Search Results

You are looking at 11 - 20 of 287 items for

  • Abstract: Schlerostin x
  • Abstract: Vitamin D x
  • Abstract: Calcium x
  • Abstract: Mineral x
  • Abstract: Skeletal x
  • Abstract: Osteo* x
  • Abstract: Wnt x
  • Abstract: Growth Plate x
  • Abstract: Bone x
Clear All Modify Search
Free access

Kathryn L Auld, Stephen P Berasi, Yan Liu, Michael Cain, Ying Zhang, Christine Huard, Shoichi Fukayama, Jing Zhang, Sung Choe, Wenyan Zhong, Bheem M Bhat, Ramesh A Bhat, Eugene L Brown and Robert V Martinez

Based on its homology to the estrogen receptor and its roles in osteoblast and chondrocyte differentiation, the orphan nuclear receptor estrogen-related receptor α (ERRα (ESRRA)) is an intriguing therapeutic target for osteoporosis and other bone diseases. The objective of this study was to better characterize the molecular mechanisms by which ERRα modulates osteoblastogenesis. Experiments from multiple systems demonstrated that ERRα modulates Wnt signaling, a crucial pathway for proper regulation of bone development. This was validated using a Wnt-luciferase reporter, where ERRα showed co-activator-dependent (peroxisome proliferator-activated receptor gamma co-activator 1α, PGC-1α) stimulatory effects. Interestingly, knockdown of ERR α expression also enhanced WNT signaling. In combination, these data indicated that ERRα could serve to either activate or repress Wnt signaling depending on the presence or absence of its co-activator PGC-1α. The observed Wnt pathway modulation was cell intrinsic and did not alter β-catenin nuclear translocation but was dependent on DNA binding of ERRα. We also found that expression of active ERRα correlated with Wnt pathway effects on osteoblastic differentiation in two cell types, consistent with a role for ERRα in modulating the Wnt pathway. In conclusion, this work identifies ERRα, in conjunction with co-activators such as PGC-1α, as a new regulator of the Wnt-signaling pathway during osteoblast differentiation, through a cell-intrinsic mechanism not affecting β-catenin nuclear translocation.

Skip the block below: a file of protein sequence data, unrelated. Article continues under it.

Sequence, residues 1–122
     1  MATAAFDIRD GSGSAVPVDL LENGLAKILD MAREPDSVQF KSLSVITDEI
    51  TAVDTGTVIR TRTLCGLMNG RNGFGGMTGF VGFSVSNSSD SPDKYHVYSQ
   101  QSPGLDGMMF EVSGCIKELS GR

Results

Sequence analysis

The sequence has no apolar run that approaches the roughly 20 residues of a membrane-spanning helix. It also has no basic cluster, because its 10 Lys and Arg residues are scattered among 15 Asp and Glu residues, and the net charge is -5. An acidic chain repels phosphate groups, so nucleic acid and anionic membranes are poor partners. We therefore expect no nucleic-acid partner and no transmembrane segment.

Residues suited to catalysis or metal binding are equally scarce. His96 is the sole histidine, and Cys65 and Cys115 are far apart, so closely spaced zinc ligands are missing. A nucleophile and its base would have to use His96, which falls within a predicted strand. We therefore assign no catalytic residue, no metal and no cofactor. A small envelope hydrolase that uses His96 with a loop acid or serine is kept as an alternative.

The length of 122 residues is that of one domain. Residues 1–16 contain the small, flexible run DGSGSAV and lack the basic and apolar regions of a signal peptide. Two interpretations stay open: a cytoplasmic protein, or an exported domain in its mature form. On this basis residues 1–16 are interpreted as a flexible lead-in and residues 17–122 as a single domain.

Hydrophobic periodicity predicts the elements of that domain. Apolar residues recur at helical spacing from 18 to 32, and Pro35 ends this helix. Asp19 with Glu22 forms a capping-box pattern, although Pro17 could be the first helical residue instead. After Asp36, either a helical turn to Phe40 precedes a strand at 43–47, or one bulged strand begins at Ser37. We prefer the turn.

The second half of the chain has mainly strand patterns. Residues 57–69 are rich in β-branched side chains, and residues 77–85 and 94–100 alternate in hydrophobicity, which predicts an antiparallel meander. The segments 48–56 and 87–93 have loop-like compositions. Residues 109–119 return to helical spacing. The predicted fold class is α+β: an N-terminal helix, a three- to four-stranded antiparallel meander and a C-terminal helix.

Free access

Frank Driessler and Paul A Baldock

On initial inspection, bone remodeling, the process whereby the skeleton adapts through time, appears to be relatively simple. Two cell types, the bone-forming osteoblasts and the bone-resorbing osteoclasts, interact to keep bone mass relatively stable throughout adult life. However, the complexity of the regulatory influences on these cells is continuing to expand our understanding of the intricacy of skeletal physiology and also the interactions between other organ systems and bone. One such example of the broadening of understanding in this field has occurred in the last decade with study of the central, neural regulation of bone mass. Initial studies of an adipose-derived hormone, leptin, helped define a direct, sympathetic pathway involving efferent neural signals from the hypothalamus to receptors on the osteoblast. Since the leptin-mediated pathway has been continuously modified to reveal a complex system involving neuromedin U, cocaine- and amphetamine-related transcript and serotonin interacting within the hypothalamus and brainstem to regulate both bone formation and resorption in cancellous bone, a number of other systems have also been identified. Neuropeptide Y, acting through hypothalamic Y2 receptors, is capable of skeleton-wide modulation of osteoblast activity, with important coordination between body weight and bone mass. Cannabinoids, acting through central cannabinoid receptor 1 and bone cell cannabinoid receptor 2 receptors, modulate osteoclast activity, thereby identifying pathways active on both aspects of the bone remodeling process. This review explores the key central pathways to bone and explores the complexity of the interactions being revealed by this emergent field of research.